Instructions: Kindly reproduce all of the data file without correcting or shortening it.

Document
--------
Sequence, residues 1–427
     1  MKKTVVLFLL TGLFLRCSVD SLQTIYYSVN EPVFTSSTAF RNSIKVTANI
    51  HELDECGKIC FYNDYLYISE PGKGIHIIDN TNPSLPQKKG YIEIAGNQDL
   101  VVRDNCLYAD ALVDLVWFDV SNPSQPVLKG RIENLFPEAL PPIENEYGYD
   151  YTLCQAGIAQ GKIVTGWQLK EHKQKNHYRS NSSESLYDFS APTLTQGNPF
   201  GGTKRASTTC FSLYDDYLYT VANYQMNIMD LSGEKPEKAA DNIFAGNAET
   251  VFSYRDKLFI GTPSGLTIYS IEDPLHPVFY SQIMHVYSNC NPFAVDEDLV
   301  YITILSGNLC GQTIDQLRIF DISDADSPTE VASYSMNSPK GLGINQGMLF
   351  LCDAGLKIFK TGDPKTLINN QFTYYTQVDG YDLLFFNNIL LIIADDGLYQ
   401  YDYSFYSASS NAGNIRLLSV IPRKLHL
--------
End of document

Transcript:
Sequence, residues 1–427
     1  MKKTVVLFLL TGLFLRCSVD SLQTIYYSVN EPVFTSSTAF RNSIKVTANI
    51  HELDECGKIC FYNDYLYISE PGKGIHIIDN TNPSLPQKKG YIEIAGNQDL
   101  VVRDNCLYAD ALVDLVWFDV SNPSQPVLKG RIENLFPEAL PPIENEYGYD
   151  YTLCQAGIAQ GKIVTGWQLK EHKQKNHYRS NSSESLYDFS APTLTQGNPF
   201  GGTKRASTTC FSLYDDYLYT VANYQMNIMD LSGEKPEKAA DNIFAGNAET
   251  VFSYRDKLFI GTPSGLTIYS IEDPLHPVFY SQIMHVYSNC NPFAVDEDLV
   301  YITILSGNLC GQTIDQLRIF DISDADSPTE VASYSMNSPK GLGINQGMLF
   351  LCDAGLKIFK TGDPKTLINN QFTYYTQVDG YDLLFFNNIL LIIADDGLYQ
   401  YDYSFYSASS NAGNIRLLSV IPRKLHL